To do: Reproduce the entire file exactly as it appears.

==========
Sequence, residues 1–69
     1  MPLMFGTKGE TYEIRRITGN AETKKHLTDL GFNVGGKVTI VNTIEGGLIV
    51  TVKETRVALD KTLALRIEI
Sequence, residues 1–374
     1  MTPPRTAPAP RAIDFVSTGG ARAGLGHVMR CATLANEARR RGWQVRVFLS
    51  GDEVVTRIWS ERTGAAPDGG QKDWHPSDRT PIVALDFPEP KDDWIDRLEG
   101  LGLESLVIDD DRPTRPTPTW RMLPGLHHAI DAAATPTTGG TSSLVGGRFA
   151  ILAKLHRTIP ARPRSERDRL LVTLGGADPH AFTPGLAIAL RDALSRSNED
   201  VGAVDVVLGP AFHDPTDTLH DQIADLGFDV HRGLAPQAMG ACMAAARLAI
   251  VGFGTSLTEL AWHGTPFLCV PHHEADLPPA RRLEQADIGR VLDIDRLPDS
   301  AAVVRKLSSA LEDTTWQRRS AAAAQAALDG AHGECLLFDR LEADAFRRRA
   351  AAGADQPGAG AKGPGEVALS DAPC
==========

Sequence, residues 1–69
     1  MPLMFGTKGE TYEIRRITGN AETKKHLTDL GFNVGGKVTI VNTIEGGLIV
    51  TVKETRVALD KTLALRIEI
Sequence, residues 1–374
     1  MTPPRTAPAP RAIDFVSTGG ARAGLGHVMR CATLANEARR RGWQVRVFLS
    51  GDEVVTRIWS ERTGAAPDGG QKDWHPSDRT PIVALDFPEP KDDWIDRLEG
   101  LGLESLVIDD DRPTRPTPTW RMLPGLHHAI DAAATPTTGG TSSLVGGRFA
   151  ILAKLHRTIP ARPRSERDRL LVTLGGADPH AFTPGLAIAL RDALSRSNED
   201  VGAVDVVLGP AFHDPTDTLH DQIADLGFDV HRGLAPQAMG ACMAAARLAI
   251  VGFGTSLTEL AWHGTPFLCV PHHEADLPPA RRLEQADIGR VLDIDRLPDS
   301  AAVVRKLSSA LEDTTWQRRS AAAAQAALDG AHGECLLFDR LEADAFRRRA
   351  AAGADQPGAG AKGPGEVALS DAPC